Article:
The FBI Says Its Homegrown Terrorist Stings Are Nothing More Than A Proactive Fight Against 'Going Dark'

from the MADE-WITH-PRIDE-IN-THE-USA! dept

The New York Times is taking a look at the FBI's battle against terrorism (not the first time it's done this) -- namely, its near-total reliance on sting operations to round up would-be terrorists. As the Times' Eric Lichtblau points out, stings used to be a last-resort tactic. Now, it's standard operating procedure. Two out of every three terrorism prosecutions begin with undercover agents nudging citizens and immigrants toward acts of violence and "material support." In some cases, the FBI agents are doing all the work themselves.

The FBI, of course, maintains that these terrorists would have acted on their own without the agency's intercession -- even though it seems to be placing a rather heavy finger on the scale.

While F.B.I. officials say they are careful to avoid illegally entrapping suspects, their undercover operatives are far from bystanders. In recent investigations from Florida to California, agents have helped people suspected of being extremists acquire weapons, scope out bombing targets and find the best routes to Syria to join the Islamic State, records show.

According to the agency, this stuff that looks like entrapment is nothing more than expedience.

“We’re not going to wait for the person to mobilize on his own time line,” said Michael B. Steinbach, who leads the F.B.I.’s national security branch. He added that the F.B.I. could not afford to “just sit and wait knowing the individual is actively plotting.”

I guess this all depends on your definition of "actively plotting." In cases we've covered here (and mentioned in the NYT article), federal agents have done everything from script and film "declaration of intent" videos to purchase all of the supplies needed for a "terrorist attack" they planned from start to finish.

The rogues gallery compiled by the FBI over the past half-decade is hardly threatening. It includes senior citizens, mentally-disabled teens, would-be terrorists who weren't even threatening enough to get their mothers to give them back their passports, and an assortment of extremely-impressionable young men who were all talk and no action.

While the FBI maintains it's doing nothing wrong, former FBI agents and intelligence community members aren't so sure.

“They’re manufacturing terrorism cases,” said Michael German, a former undercover agent with the F.B.I. who researches national security law at New York University’s Brennan Center for Justice. In many of the recent prosecutions, he said, “these people are five steps away from being a danger to the United States.”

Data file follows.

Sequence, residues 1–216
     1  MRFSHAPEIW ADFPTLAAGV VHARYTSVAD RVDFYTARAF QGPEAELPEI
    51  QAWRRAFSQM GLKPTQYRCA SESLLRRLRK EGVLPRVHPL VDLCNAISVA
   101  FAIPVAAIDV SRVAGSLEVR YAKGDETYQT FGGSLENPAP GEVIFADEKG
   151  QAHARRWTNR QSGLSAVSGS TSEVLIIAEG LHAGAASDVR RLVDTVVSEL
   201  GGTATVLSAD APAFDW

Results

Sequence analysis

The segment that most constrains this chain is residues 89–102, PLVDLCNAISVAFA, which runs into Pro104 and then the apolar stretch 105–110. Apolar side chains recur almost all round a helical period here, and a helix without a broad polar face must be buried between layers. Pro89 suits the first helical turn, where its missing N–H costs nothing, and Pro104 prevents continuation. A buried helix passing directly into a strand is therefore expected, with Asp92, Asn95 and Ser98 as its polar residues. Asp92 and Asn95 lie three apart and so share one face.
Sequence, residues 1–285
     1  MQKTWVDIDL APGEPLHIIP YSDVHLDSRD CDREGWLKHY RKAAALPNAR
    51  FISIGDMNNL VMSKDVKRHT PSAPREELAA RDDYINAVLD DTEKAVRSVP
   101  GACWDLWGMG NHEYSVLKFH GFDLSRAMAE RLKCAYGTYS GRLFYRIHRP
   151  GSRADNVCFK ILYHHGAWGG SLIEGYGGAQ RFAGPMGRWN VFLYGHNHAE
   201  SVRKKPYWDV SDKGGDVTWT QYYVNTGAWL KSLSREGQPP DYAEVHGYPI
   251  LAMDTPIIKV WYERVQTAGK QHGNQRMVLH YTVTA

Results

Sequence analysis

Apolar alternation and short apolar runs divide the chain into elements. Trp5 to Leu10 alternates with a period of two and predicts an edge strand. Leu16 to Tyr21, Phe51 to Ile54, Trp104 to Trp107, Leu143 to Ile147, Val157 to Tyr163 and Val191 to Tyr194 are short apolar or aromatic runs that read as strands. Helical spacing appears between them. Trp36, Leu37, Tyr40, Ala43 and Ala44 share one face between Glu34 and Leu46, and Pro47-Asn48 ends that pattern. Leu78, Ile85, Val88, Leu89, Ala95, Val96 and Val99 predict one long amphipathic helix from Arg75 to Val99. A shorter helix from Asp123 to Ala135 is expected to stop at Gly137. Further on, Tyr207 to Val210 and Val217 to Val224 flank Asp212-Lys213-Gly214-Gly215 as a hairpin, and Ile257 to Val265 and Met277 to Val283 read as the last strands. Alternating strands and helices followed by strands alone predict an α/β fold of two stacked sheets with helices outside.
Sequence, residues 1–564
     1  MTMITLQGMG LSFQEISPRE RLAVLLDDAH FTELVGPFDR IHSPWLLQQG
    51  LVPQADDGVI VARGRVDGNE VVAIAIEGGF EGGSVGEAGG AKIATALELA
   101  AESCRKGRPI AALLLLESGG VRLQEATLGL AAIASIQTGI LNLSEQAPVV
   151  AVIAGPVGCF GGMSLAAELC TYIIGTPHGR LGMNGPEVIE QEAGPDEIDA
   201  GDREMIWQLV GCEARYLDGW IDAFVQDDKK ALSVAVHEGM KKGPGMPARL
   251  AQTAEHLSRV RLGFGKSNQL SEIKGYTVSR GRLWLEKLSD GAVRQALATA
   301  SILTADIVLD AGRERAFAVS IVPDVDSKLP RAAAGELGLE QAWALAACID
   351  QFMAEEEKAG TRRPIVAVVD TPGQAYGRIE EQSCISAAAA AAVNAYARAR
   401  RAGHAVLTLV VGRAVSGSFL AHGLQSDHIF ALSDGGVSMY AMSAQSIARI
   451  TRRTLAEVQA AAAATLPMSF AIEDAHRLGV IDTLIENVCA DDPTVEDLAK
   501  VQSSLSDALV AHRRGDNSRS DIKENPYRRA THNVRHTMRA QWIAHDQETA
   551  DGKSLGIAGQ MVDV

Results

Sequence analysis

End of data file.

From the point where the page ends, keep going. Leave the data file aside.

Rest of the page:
Karen J. Greenberg, the director of the Center on National Security at Fordham University, said undercover operations had become the norm for the F.B.I. in the most recent Islamic State cases, with little debate or understanding of how the bureau actually conducts its investigations, especially its online stings.

“I think the F.B.I. is really going down the wrong path with a lot of these ISIS cases,” she said…

When pressed to defend aggressive sting operations, FBI officials fall back on one their favorite scapegoats: encryption.

“When the bad guys turn to encrypted areas, we’re dark, and the only way to gain a better understanding of what we’re up against may be through an undercover,” Mr. Steinbach said.

But exactly how much terrorism is this stopping? There's no way to gauge the effectiveness of these tactics other than to count up successful prosecutions, as the FBI likes to do. What the FBI says is the "least intrusive" method of fighting terrorism often appears to be nothing more than padding the stats. As long as the FBI can continue to chalk up terrorism prosecutions, it can avail itself of a nearly-bottomless well of funding. The agency has shifted its focus to intelligence rather than law enforcement since 2001, and nothing brings in the bucks like counterterrorism efforts.

Does it make us safer? That's also unquantifiable, although every day that goes by without a successful domestic terrorist attack could theoretically be added to the "win" column. But it's hard to believe these sting operations are actually taking credible threats out of circulation.

The FBI's tactics have a lot in common with the DEA/ATF's reliance on stash house robbery stings -- busts in which no actual drug dealers, weapons suppliers, weapons, or drugs are actually taken off the street. Everything inside the bogus stash houses exists only in the minds of the undercover agents. The only tangible aspect of the sting operations are the sentences handed down, the length of which is determined by the total amount of drugs federal agents say was "present" in the stash house that never existed and was never robbed.

Both "wars" being fought by law enforcement seem to be incredibly counterproductive. Four decades of drug warring has done almost nothing to stop the flow of illicit drugs into the country. What it has done, however, is turn the manufacturing countries into violent hellholes.

As for the War on Terror, the only terrorists being locked up appear to be those pushed and cajoled into acting out undercover agents' fantasies. The terrorist threat in other parts of the world remains almost unchanged, despite a decade-plus of FBI counterterrorist operations and CIA drone strikes. Here, too, there appears to be a certain amount of "looking busy" -- treadmill-like activity that does little to attack the threat but still guarantees a healthy budget year after year.


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  • identicon
    Anonymous Coward, 16 Jun 2016 @ 9:10am

    When you can't find the terrorists...

    it's time to manufacture a few to keep those pesky Americans afraid!